7th Grade English
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What are the major themes in the course?
In seventh grade English, students grapple with themes of race and identity in attaining the American Dream. Over the course of the year, students read about a variety of perspectives from immigrant and minority groups in order to explore questions of whiteness, class and legality that challenge the idealized notion that anybody who works hard can prosper in the United States.
What is the major focus for reading instruction?
One marked difference between the sixth and seventh grade curricula is a shift in emphasis from literal to figurative and symbolic meanings. Students also examine how authors use tone and point of view to develop their messages about the American Dream. In addition, students continue to hone their independent reading habits; they work to increase their stamina on complex texts, their annotation skills and their breadth of advanced vocabulary.
Why did we choose these texts?
Seventh graders begin the year studying the modern day Native American experience in The Absolutely True Diary of a Part-Time Indian by Sherman Alexie. Then, they jump into the graphic novel American Born Chinese by Gene Luen Yang about a teenager struggling to balance his Chinese American heritage. Next, scholars read the memoir When I Was Puerto Rican: A Memoir by Esmeralda Santiago, a story about the experience of a young girl who emigrates to the U.S. from Puerto Rico. In the fourth and fifth units of the year, students examine the disillusionment of the American Dream through two famous dramas, Death of Salesman by Arthur Miller and A Raisin in the Sun by Lorraine Hansberry. In the sixth unit, students will zoom in on a two-week unit studying poetry about the American experience with a special focus on the Harlem Renaissance. Finally, students end the year with a short stories unit including texts from Jhumpa Lahiri’s Interpreter of Maladies about the Indian-American perspective, J.D. Vance’s The Hillbilly Elegy about the Scots-Irish challenges with poverty, and the NY Times: American Dreamers about the undocumented immigrant experience. Through in-depth analysis of these texts, seventh graders explore a variety of racial and cultural perspectives as they wrestle with the authenticity of the American Dream.
Other information about this course:
There are two key interdependent courses within the ELA program at Match Middle School: English and Composition. English classes are 50-minute daily blocks in which students develop college reading and thinking skills such as annotating the text, analyzing literary devices, discussing deep themes, and exploring the historical relevance of literature. Composition classes are 50-minute blocks that meet four times a week in which students write literary essays about the themes and topics they study in English class. Composition units are not yet available online.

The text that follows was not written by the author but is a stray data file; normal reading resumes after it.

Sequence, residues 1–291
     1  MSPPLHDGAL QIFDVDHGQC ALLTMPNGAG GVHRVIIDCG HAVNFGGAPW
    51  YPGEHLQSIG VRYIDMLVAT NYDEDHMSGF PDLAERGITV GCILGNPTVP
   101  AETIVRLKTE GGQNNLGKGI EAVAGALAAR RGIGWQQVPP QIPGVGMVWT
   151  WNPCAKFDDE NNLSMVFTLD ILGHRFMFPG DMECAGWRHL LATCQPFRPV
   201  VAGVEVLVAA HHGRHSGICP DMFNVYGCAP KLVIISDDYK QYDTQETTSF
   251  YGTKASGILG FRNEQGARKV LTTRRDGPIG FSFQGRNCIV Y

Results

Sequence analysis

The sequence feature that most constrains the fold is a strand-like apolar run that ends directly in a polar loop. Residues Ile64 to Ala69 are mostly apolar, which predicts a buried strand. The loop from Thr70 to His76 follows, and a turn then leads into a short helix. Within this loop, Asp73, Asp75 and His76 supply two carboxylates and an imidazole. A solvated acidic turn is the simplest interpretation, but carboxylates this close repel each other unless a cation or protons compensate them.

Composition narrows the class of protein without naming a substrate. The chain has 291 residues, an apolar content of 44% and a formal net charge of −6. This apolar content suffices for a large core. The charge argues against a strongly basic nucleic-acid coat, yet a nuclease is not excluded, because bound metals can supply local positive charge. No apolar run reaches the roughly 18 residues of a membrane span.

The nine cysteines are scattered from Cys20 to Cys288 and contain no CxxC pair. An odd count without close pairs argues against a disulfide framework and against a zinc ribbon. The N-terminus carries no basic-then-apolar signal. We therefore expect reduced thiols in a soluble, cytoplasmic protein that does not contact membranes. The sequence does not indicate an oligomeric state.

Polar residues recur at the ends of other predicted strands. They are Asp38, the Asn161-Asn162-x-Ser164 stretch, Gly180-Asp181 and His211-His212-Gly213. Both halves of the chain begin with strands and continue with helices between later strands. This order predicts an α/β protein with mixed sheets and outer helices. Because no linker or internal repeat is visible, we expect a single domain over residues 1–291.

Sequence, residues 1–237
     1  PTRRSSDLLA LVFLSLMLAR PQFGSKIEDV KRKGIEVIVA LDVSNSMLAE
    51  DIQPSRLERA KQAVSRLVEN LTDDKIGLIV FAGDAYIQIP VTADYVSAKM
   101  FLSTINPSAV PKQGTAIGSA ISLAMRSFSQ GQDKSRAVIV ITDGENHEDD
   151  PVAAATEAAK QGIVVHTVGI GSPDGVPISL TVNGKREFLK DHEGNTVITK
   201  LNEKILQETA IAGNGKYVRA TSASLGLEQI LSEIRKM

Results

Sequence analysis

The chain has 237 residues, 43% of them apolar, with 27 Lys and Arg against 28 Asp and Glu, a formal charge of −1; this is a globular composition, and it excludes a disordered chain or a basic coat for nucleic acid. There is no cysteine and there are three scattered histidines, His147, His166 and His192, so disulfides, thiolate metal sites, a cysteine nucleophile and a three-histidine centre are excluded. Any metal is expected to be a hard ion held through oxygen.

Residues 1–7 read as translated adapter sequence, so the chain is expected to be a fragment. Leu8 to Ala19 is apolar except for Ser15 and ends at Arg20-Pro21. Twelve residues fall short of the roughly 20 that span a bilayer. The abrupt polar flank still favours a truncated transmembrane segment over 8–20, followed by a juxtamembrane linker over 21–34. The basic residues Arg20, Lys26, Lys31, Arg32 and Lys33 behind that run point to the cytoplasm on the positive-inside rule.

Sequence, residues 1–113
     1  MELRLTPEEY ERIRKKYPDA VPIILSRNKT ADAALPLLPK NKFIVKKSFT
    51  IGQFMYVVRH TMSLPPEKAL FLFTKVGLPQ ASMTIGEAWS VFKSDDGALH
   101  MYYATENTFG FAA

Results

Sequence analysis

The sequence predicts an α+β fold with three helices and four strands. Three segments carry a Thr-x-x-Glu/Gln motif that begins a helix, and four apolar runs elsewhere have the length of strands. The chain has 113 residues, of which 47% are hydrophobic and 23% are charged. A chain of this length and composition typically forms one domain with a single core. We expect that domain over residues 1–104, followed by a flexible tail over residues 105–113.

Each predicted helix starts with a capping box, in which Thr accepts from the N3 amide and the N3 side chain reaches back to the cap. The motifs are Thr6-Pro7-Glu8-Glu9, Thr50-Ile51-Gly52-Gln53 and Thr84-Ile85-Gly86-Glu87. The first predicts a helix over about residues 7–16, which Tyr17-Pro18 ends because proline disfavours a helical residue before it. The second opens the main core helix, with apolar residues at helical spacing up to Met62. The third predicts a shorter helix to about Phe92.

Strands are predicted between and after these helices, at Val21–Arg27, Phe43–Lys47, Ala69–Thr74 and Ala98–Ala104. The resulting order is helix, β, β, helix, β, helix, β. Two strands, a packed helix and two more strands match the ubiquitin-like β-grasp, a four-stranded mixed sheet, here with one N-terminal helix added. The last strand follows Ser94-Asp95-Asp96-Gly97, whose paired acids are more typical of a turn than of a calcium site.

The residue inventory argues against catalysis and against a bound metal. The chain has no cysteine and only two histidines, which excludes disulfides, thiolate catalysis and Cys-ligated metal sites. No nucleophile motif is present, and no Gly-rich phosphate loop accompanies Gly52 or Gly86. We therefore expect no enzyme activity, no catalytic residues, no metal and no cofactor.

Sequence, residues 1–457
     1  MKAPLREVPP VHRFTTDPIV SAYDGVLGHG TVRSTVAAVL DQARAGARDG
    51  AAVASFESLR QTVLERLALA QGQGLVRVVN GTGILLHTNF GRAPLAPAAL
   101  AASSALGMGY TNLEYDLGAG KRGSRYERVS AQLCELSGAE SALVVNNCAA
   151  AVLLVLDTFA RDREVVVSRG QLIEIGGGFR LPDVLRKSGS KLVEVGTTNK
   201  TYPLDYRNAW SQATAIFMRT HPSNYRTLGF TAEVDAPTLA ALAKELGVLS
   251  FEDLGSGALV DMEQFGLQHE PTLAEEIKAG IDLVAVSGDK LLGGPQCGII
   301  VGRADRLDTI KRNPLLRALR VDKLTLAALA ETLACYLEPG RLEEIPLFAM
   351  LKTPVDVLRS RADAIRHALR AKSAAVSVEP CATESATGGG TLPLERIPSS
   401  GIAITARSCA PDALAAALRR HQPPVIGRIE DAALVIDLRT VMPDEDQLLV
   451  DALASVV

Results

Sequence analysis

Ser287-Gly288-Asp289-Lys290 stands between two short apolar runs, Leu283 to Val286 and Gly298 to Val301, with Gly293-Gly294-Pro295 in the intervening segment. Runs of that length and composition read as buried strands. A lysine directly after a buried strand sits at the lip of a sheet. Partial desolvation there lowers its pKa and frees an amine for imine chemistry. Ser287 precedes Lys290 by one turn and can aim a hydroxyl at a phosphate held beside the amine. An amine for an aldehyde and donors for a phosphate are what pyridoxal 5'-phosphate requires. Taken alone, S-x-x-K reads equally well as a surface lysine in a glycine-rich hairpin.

Unit 1 24 Lessons
The Absolutely True Diary of a Part-Time Indian
Unit 2 11 Lessons
American Born Chinese
Unit 3 30 Lessons
When I Was Puerto Rican: A Memoir
Unit 4 15 Lessons
Death of a Salesman
Unit 5 16 Lessons
A Raisin in the Sun
Unit 6 17 Lessons
Unit 7 13 Lessons
Short Stories: The American Dreamers
How to Use This Course
English Language Arts at Match
At Match Education we have ambitious goals for our ELA program. Through our teaching, we strive to transform our scholars into critical readers, writers, and thinkers, and we seek to widen our students’ perspectives and deepen their character so that they can better understand themselves and the world around them.
Our ELA curriculum is designed around several core beliefs about how students learn best. These beliefs drive the decisions we make about what to teach and how to teach it.
Text First vs. Skills First: We believe in the power of rich and nuanced texts to spark students’ thinking.
Content Selection: We believe selected texts must both affirm our scholars’ cultures and expose them to great literature.
Writing Instruction: We believe writing instruction should teach scholars to construct and convey persuasive arguments, and express their own voices.
Discussion: We believe discussion is a powerful tool for testing ideas out and strengthening thinking.
Word Knowledge: We believe in the importance of building word knowledge through both explicit instruction and exposure to content knowledge.
Lifelong Learning: We believe that teachers should cultivate voracious, inquisitive readers, writers, and thinkers.
For more information, view our full English Language Arts Program Overview.